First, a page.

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European officials to ease ash-related flight restrictions

The Eyjafjallajokull volcano in southern Iceland has erupted twice in less than a month, raising concerns that it could trigger a larger and more dangerous eruption at a volatile volcano nearby.

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By Edward Cody
Washington Post Foreign Service
Tuesday, April 20, 2010

WARSAW -- Under growing pressure from industry leaders and stranded travelers, European transportation ministers decided Monday to open more of the continent's airspace to commercial air traffic despite concern over a lingering cloud of ash from a volcano in Iceland.

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The officials, in a continent-wide videoconference, decided that the part of Northern Europe's skies closest to the ash cloud would remain off-limits. Other less affected air corridors can be reopened Tuesday on the decision of national governments, they said.

As a result, air traffic over Northern Europe seemed likely to remain spotty and chaotic for several more days -- gradually improving, perhaps, but leaving thousands of travelers lounging about airports and besieging travel agencies in search of a flight.

"There will be no compromise on safety," Siim Kallas, the European Union's transport commissioner, said at a news conference in Brussels.

The crisis, which passed through its fourth day, provided a vivid reminder of the degree to which millions of people in the developed world have come to depend on regular airline travel for tourism, family visits, business and commerce in perishable goods. Eurocontrol, the Brussels-based body that regulates continental air traffic, said that about 28,000 flights normally would have been scheduled in the skies over Europe for Monday but that fewer than a third of them were able to take off.

Lufthansa, the German airline, announced that it would fly 50 planes back to Germany from the airports abroad where they had been grounded. The flights will bring about 15,000 travelers who had been scheduled to arrive during the past four days.

In a similar vein, Prime Minister François Fillon of France said airports in that country would reopen gradually in the coming days. Southern French airports, farther from the ash cloud, were reopened over the weekend.

To explain what caused the concern, a senior diplomat told a news agency in Brussels that several F-16 warplanes from a NATO country had returned from a flight through the ash cloud with glass-like deposits in their engines. Two Finnish F/A-18 fighter-bombers reported similar problems.

KLM, Air France and other airlines sent up planes over the weekend and reported no problems, but their aircraft had remained at relatively low altitudes, where the ash was less concentrated.

Specialists warned that, in addition to visibility problems from the cloud, deposits such as those that formed in the F-16s could pose a danger to commercial airliner engines if flights were allowed to resume. Based on those warnings, most of the continent's airspace has been closed since Friday, with officials preferring to err on the side of caution despite the financial consequences and traveler inconvenience.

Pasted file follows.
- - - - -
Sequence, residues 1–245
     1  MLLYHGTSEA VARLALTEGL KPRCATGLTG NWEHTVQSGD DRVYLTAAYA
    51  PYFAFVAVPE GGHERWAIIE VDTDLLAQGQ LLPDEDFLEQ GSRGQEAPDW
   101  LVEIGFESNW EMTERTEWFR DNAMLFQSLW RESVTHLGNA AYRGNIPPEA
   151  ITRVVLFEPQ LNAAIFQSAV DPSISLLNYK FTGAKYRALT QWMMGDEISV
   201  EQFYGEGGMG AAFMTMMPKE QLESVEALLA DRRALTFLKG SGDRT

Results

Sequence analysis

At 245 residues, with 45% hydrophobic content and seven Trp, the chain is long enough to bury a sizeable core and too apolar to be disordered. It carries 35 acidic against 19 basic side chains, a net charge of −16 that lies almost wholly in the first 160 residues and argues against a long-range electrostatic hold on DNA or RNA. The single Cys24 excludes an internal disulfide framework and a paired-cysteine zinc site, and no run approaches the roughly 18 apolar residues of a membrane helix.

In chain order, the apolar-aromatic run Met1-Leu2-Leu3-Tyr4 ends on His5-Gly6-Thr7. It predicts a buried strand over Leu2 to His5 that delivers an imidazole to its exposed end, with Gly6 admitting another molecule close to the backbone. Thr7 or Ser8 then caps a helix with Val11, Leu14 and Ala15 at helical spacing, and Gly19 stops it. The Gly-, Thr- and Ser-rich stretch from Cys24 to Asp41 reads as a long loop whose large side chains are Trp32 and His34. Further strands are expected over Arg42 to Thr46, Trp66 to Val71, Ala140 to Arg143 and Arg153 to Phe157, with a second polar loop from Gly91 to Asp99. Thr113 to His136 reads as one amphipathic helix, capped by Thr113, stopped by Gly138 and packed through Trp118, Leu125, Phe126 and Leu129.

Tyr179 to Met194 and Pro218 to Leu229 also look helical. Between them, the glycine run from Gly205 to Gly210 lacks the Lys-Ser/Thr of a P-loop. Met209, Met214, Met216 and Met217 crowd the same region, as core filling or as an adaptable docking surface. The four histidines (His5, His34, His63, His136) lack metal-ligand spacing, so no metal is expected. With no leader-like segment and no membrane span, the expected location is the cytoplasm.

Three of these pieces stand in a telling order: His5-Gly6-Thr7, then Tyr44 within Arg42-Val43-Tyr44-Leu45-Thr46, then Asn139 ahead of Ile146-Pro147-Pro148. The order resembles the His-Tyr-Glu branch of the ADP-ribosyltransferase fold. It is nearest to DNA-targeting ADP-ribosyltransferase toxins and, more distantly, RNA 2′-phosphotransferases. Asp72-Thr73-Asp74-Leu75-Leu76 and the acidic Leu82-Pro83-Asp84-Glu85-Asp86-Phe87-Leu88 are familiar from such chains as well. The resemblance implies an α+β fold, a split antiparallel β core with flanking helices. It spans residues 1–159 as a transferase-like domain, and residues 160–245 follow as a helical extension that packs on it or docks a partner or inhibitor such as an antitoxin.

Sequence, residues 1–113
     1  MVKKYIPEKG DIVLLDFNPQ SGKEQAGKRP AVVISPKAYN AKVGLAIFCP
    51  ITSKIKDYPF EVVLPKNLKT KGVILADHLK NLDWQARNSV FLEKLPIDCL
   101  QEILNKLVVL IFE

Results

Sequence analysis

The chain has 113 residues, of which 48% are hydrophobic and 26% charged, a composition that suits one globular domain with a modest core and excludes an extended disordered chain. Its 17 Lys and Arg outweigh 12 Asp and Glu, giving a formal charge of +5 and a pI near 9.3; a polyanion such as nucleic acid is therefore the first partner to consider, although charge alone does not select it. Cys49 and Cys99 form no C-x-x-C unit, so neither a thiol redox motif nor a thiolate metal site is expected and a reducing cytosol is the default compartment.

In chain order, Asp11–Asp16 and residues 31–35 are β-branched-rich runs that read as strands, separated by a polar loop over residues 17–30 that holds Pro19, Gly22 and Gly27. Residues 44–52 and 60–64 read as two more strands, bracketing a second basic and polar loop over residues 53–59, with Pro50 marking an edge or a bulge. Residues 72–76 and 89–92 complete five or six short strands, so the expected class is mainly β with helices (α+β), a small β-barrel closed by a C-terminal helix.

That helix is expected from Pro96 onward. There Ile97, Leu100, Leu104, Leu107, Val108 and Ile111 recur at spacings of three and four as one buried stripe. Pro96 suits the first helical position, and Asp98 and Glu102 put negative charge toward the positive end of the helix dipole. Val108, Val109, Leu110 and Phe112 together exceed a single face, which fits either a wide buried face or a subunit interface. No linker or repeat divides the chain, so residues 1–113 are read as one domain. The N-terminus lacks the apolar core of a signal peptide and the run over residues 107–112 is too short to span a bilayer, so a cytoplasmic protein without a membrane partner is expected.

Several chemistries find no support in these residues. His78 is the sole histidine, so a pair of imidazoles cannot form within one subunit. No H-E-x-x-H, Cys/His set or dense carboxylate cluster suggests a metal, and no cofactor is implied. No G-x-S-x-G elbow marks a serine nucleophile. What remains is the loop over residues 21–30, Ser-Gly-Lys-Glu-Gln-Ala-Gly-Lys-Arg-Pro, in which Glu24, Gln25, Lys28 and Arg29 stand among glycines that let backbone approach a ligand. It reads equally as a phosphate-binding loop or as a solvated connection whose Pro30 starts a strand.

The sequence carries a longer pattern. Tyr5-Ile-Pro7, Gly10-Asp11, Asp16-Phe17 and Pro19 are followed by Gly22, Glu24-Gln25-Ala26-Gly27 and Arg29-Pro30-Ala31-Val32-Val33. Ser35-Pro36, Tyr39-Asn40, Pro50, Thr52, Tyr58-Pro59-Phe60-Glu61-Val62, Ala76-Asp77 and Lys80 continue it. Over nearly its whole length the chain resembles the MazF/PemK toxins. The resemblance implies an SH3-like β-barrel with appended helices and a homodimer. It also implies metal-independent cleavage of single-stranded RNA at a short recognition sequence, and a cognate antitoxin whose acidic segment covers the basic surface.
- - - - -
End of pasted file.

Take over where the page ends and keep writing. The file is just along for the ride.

"I'm dying here," said Dan Greenstein, a Boca Raton, Fla., dentist who was to return home Friday after visiting the site of a concentration camp in Poland where his grandmother and other relatives died during World War II. "I was supposed to be working Saturday. So not only am I spending a lot of money on the hotel in Poland, I'm losing a lot of money back home."

U.S. travelers in Paris complained that officials did not seem to have concrete advice on how to get home, suggesting instead that they put their names on a list and be patient. "I find it pretty troubling that travelers are informing the embassy about what's going on right now," said Timothy Newell, a nurse from Richmond. "They don't seem to have much interest in our plans or what we're going to do."

Many travelers drove long distances to find open airports with flights toward their destinations, or settled in for train trips. One Parisian visiting Krakow, Poland, planned to take an all-night train to Berlin, transfer to a train bound for Mannheim, Germany, and then try to board the Thalys high-speed train that travels through the Netherlands and Belgium on the way to the French capital -- a Krakow-to-Paris trip of nearly two days that would have taken less than three hours by plane.

The International Air Transport Association said European governments have displayed a lack of leadership and coordination in dealing with the crisis. The group's chief executive, Giovanni Bisignani, called Europe's official reaction a "mess" that is costing airlines $200 million a day and stranding 750,000 travelers.

British Prime Minister Gordon Brown, meanwhile, announced the dispatch of three warships to pick up Britons stuck on the other side of the English Channel. One of the ships was headed to Spain to collect soldiers returning from Afghanistan, officials said.

British Airways and other major airlines want compensation for the loss of income caused by the flight bans. Such payments normally would be barred under European Union competition rules. But Joaquín Almunia, who handles competition matters for the commission, said he would investigate whether an exception could be made along the lines of the compensation paid to airlines after the Sept. 11, 2001, terrorist attacks froze air travel.

Special correspondent Cameron Smith in Paris contributed to this report.


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